The government of Vietnam not only sanctions the enslavement of its own people – it profits from it. Taiwanese businessmen adventure to Vietnam on sex tours and even buy VN woman as “wives.” The government doesn’t just look the other way: it makes this a business deal and takes a fee.

The Communist Vietnamese government has been on a long-term economic improvement effort called “renovation” (Doi Moi). But this reform movement is entirely economic: there are no perceptible renovations in freedom or human rights to date. Consider these facts today in Vietnam:– In the “justice system,” no writs of Habeas Corpus, no warrants approved by an independent judiciary, and no “probable cause.” –Religious repression of an unprecedented scale. –Beatings, forced relocation and attempts to exterminate natives like the Hmong.–Government profiting from a sex trade that includes selling young Vietnamese women to businessmen in more wealthy countries like Taiwan.

The Vietnamese want to “normalize” economic and business relationships with the west, especially the U.S. But all is not normal. Today’s leaders in Communist Vietnam support terrorism, torture and the control of the population as did former leaders of Afghanistan and Iraq. Vietnamese government leaders don’t just resist democracy: they traffic in human beings internationally.

Vietnam and the United States today share trade topping $6 billion annually. As a condition of maintaining and expanding that trade, the world community should demand human rights reforms in Vietnam supported by openness to allow international monitoring. The U.S. Secretary of State, Condoleezza Rice will visit Vietnam soon. The President of the United States will go to Vietnam in November 2006. Now should be the time to open the dialogue between the two nations on human rights issues in Vietnam.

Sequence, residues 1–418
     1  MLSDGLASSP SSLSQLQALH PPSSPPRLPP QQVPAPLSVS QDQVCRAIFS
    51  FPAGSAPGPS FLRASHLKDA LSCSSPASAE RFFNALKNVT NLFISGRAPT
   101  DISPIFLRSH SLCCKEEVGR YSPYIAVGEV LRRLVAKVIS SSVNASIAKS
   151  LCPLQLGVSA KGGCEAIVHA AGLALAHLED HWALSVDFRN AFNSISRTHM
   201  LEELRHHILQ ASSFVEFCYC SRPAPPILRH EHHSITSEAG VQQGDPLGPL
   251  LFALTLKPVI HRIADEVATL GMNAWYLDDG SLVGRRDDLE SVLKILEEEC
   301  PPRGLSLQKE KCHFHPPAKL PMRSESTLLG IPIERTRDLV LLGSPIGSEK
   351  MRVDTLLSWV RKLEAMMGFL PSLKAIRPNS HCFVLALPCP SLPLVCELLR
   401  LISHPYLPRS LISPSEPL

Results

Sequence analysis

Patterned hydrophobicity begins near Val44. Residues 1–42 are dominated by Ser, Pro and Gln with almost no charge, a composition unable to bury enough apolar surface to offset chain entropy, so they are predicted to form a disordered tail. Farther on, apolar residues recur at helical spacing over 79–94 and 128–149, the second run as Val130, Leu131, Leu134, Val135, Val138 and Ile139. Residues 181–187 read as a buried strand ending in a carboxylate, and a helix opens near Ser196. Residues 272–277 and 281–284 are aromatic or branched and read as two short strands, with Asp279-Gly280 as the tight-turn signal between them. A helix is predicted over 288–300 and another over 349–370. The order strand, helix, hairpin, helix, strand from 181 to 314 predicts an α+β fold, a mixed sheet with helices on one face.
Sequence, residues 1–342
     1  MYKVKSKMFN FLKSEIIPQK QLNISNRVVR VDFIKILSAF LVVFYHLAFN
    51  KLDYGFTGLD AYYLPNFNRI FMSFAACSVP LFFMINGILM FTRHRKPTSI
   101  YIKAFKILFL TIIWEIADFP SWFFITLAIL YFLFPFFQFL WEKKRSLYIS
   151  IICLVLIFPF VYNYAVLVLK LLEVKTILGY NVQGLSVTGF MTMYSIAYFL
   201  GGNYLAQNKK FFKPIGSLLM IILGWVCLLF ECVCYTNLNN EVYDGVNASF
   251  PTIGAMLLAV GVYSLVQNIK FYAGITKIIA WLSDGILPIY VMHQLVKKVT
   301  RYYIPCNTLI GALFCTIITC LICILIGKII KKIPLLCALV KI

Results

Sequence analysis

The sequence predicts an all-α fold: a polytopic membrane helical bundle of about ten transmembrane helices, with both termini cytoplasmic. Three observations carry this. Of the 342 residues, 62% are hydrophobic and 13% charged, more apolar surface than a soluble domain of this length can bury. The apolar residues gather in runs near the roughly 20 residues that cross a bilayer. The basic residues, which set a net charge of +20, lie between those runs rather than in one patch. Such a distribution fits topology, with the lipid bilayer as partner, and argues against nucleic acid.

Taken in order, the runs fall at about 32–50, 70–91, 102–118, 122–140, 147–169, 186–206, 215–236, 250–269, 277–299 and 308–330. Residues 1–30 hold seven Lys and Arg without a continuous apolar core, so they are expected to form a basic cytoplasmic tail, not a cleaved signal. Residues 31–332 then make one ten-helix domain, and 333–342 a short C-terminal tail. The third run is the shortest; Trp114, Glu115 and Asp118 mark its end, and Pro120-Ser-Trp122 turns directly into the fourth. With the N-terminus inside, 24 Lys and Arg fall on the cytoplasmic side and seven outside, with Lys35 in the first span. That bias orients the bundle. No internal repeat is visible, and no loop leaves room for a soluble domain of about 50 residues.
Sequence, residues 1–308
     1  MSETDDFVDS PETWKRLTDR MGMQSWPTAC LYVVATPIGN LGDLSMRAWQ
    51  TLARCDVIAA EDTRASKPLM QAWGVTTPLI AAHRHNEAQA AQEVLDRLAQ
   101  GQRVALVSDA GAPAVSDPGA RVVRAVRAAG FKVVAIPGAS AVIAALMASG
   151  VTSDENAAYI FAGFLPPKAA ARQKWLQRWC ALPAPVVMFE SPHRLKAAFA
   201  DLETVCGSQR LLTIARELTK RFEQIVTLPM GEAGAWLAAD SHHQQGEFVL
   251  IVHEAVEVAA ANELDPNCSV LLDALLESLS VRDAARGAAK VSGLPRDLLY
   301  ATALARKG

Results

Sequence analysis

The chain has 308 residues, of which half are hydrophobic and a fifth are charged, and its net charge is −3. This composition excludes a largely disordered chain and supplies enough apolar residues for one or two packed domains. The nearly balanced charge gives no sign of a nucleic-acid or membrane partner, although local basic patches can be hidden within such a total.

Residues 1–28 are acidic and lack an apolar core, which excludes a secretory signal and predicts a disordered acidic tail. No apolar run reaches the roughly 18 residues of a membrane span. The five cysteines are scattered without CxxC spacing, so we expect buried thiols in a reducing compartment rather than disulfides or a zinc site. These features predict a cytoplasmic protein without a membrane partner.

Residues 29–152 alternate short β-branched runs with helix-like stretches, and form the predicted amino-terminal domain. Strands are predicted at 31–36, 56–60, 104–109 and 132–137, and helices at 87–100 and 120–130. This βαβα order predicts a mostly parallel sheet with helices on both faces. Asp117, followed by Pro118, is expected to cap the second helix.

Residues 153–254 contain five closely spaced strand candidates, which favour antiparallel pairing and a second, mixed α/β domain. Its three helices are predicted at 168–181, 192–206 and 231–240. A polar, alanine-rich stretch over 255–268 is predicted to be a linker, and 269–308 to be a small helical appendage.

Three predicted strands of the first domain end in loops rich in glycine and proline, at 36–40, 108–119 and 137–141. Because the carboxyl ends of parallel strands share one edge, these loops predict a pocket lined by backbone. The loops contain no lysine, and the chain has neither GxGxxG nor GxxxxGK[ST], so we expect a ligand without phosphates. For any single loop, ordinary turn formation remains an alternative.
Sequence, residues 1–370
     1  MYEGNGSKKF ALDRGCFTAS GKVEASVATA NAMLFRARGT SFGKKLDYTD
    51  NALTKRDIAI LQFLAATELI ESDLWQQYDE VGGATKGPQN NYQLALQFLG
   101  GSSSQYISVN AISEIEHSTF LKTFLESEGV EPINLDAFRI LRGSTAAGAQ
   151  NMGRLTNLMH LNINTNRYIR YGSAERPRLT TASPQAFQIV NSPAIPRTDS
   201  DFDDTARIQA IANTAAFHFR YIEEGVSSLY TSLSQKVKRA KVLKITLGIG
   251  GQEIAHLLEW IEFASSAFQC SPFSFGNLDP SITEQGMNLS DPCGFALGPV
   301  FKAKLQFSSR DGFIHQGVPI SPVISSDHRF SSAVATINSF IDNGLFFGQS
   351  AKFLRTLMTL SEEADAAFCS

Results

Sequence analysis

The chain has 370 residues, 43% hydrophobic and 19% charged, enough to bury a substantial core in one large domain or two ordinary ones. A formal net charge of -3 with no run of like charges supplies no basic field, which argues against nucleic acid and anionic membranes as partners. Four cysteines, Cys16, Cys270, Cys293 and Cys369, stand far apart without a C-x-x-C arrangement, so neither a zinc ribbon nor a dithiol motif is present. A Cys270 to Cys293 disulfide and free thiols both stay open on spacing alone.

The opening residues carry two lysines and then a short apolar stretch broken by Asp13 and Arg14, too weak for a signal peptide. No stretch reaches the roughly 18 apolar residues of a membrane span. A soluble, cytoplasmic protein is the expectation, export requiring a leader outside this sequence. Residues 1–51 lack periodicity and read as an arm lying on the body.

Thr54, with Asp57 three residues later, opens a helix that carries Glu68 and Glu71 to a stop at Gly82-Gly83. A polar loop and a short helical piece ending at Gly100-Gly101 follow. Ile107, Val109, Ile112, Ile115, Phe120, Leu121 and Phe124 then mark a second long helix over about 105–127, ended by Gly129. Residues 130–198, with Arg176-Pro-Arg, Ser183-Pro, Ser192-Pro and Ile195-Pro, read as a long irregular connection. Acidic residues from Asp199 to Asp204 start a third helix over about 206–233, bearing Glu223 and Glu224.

Just a few days ago (July 15, 2006), President Bush informed President Vladimir Putin of Russia that the U.S. rejected Russia’s entry into the World Trade Organization; at least for now. Russia has backed away from Democracy too far, according to the U.S.

“I talked about my desire to promote institutional change in parts of the world like Iraq where there’s a free press and free religion,” Bush said at the news conference, “and I told him that a lot of people in our country would hope that Russia would do the same thing.”

So we ask the White House and the American people: given Vietnam’s human rights record, should that Communist government be allowed into the WTO right now?

The current leadership of Vietnam includes men who deny the most basic rights and freedoms to the people they subjugate: their own countrymen. It is time for the world community to demand meaningful reforms. We can do better.

http://www.vietnamhumanrights.net/IndexE.html 

Reprinted with permission of Honglien & John E. Carey.

Honglien Do fled communist Vietnam. John Carey is former president of International Defense Consultants, Inc.

http://peace-and-freedom.blogspot.com/2006_07_11_peace-and-freedom_archive.html